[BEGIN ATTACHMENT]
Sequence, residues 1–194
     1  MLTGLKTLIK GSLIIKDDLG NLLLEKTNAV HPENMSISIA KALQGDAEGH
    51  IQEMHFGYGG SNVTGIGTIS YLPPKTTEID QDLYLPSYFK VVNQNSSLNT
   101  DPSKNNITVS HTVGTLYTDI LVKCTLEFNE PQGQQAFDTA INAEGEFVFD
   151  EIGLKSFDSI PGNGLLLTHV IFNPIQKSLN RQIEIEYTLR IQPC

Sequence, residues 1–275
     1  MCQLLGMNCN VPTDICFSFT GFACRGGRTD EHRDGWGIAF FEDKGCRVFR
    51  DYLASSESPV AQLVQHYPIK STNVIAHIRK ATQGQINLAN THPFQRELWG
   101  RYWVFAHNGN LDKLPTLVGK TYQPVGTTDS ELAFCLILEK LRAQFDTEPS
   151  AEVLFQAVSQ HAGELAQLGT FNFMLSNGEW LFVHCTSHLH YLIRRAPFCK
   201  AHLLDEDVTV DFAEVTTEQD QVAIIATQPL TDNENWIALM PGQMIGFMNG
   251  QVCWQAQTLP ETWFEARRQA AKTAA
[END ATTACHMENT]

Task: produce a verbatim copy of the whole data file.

Sequence, residues 1–194
     1  MLTGLKTLIK GSLIIKDDLG NLLLEKTNAV HPENMSISIA KALQGDAEGH
    51  IQEMHFGYGG SNVTGIGTIS YLPPKTTEID QDLYLPSYFK VVNQNSSLNT
   101  DPSKNNITVS HTVGTLYTDI LVKCTLEFNE PQGQQAFDTA INAEGEFVFD
   151  EIGLKSFDSI PGNGLLLTHV IFNPIQKSLN RQIEIEYTLR IQPC

Sequence, residues 1–275
     1  MCQLLGMNCN VPTDICFSFT GFACRGGRTD EHRDGWGIAF FEDKGCRVFR
    51  DYLASSESPV AQLVQHYPIK STNVIAHIRK ATQGQINLAN THPFQRELWG
   101  RYWVFAHNGN LDKLPTLVGK TYQPVGTTDS ELAFCLILEK LRAQFDTEPS
   151  AEVLFQAVSQ HAGELAQLGT FNFMLSNGEW LFVHCTSHLH YLIRRAPFCK
   201  AHLLDEDVTV DFAEVTTEQD QVAIIATQPL TDNENWIALM PGQMIGFMNG
   251  QVCWQAQTLP ETWFEARRQA AKTAA